Lido Lions: Venice drew to a close at the weekend, with Chloe Zhao’s Nomadland, starring Frances McDormand, scooping the coveted Golden Lion. The film could now be poised for an awards run at next year’s (delayed) Oscars, with the Lion becoming a portent of major awards success after crowning films that would go onto be nominated for the Best Picture Oscar in each of the last three years (The Shape Of Water, Roma, Joker).
More winners: Elsewhere in the Venice awards, Vanessa Kirby took Best Actress for Kornél Mundruczó’s Pieces Of A Woman, Michel Franco won the Silver Lion Grand Jury Prize for his Mexico-France feature New Order, and Kiyoshi Kurosawa took the Silver Lion, Best Director for Japanese drama Wife Of A Spy. Read about all the fest’s awards here.
Critical eye: The general word on this year’s Venice selection, which was notably a less American and more indie fare, has been positive. Here you can read a rundown of the best movies from the Lido according to the critics.
UK BROADCASTERS WEATHER THE STORM
Emerging from lockdown: Like all content producers, it’s been a tumultuous time for the UK’s major broadcasters. Things are now looking up at ITV, which this week confirmed that 80% of its productions shut down by the virus have now returned to filming or have been delivered. The company also unveiled its fall slate. The network shut down 230 in-house shows, taking a large financial hit, but its MD Julian Bellamy told us this week that the company is “very confident about our pipeline going forward”. Crucially for many viewers, he also said that Love Island will “come back strong” after being disrupted this summer.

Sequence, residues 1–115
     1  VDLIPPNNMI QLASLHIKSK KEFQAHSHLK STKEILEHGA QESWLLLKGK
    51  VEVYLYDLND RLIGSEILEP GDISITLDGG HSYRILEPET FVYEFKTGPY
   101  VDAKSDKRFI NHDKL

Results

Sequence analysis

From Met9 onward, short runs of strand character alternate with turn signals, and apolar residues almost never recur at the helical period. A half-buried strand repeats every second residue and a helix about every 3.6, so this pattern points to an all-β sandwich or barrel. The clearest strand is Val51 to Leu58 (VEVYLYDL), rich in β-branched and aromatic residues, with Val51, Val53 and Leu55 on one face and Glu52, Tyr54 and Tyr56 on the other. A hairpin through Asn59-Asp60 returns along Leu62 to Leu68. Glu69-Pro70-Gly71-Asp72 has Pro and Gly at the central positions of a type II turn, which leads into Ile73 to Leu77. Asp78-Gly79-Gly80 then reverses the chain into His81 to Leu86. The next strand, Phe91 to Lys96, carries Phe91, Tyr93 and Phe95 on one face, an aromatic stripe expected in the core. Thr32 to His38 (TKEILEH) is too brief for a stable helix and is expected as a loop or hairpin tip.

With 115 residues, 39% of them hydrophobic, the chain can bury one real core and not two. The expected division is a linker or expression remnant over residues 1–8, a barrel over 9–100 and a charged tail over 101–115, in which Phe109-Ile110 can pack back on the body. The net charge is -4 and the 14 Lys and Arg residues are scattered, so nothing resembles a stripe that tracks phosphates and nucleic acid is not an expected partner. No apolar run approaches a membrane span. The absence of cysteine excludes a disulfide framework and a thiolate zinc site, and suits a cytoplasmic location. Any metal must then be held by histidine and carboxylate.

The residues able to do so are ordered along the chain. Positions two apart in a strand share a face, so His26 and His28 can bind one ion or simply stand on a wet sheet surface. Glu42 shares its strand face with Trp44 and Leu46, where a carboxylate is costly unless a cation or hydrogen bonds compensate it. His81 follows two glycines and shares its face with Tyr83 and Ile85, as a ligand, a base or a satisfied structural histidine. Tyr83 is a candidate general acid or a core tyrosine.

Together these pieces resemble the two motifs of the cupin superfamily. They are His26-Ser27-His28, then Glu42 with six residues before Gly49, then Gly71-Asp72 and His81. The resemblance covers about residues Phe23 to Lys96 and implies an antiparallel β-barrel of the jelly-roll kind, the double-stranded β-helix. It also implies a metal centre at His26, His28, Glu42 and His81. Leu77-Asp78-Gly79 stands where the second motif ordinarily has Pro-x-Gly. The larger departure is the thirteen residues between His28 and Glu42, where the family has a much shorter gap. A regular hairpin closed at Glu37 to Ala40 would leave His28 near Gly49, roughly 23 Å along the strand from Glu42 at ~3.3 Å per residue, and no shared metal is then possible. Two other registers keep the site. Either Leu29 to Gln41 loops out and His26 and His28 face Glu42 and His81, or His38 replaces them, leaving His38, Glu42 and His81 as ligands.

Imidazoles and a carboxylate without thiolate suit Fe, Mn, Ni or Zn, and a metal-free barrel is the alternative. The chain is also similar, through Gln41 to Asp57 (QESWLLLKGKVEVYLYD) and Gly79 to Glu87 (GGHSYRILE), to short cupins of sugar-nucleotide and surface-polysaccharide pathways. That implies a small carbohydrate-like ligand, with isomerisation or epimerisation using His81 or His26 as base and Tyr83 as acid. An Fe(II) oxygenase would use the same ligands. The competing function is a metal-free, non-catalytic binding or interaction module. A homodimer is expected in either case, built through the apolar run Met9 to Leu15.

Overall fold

Over at the BBC: It’s been an equally challenging time for the public broadcaster, which recently announced it will cut 450 staff in the latest round of job cuts. Its annual results, published this week, revealed that its bill for on-air talent had grown in the last 12 months. A government response called the figures “concerning”, but new BBC DG Tim Davie said reform was happening “at an urgent pace”. The report also disclosed diversity stats and the org’s gender pay gap, which has not shrunk enough to meet targets. Separately, BBC Studios posted healthy earnings this week, while acknowledging that the situation is set to get a lot more challenging after the disruption.